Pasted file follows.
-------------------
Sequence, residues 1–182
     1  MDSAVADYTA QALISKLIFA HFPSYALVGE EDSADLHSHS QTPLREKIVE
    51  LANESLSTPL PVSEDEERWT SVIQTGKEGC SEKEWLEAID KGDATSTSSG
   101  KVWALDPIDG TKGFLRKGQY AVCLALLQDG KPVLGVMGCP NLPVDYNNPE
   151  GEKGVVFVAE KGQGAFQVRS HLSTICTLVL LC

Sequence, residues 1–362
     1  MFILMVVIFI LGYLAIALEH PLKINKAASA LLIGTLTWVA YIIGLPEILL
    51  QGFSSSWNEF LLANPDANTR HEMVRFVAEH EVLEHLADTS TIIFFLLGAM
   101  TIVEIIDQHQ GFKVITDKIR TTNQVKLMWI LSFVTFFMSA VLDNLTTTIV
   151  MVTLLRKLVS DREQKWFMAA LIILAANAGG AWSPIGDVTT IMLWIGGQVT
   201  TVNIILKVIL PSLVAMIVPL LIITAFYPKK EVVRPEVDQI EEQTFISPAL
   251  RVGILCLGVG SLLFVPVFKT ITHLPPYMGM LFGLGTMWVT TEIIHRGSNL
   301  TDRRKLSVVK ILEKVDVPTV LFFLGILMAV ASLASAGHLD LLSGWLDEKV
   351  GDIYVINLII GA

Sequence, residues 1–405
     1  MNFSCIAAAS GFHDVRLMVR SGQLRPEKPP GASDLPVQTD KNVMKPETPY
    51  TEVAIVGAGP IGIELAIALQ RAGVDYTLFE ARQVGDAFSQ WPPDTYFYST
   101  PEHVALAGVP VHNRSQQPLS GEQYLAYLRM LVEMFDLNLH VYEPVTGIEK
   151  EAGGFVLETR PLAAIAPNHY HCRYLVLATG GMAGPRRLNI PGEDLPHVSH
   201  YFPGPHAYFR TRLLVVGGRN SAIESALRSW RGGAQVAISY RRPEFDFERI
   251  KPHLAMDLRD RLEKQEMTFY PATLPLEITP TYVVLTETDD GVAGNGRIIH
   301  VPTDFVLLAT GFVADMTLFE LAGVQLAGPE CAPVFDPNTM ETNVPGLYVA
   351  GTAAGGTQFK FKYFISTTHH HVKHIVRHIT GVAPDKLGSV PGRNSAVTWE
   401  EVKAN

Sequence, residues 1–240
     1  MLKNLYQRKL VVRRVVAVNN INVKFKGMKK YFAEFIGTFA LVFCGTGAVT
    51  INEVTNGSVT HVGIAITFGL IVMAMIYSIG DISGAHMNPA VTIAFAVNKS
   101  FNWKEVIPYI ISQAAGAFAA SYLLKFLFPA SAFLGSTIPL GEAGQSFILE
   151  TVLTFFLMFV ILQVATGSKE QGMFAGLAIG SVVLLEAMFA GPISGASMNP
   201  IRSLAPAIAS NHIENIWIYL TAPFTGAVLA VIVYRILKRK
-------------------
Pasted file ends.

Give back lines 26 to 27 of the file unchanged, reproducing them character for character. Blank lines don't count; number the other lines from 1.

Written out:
     1  MLKNLYQRKL VVRRVVAVNN INVKFKGMKK YFAEFIGTFA LVFCGTGAVT
    51  INEVTNGSVT HVGIAITFGL IVMAMIYSIG DISGAHMNPA VTIAFAVNKS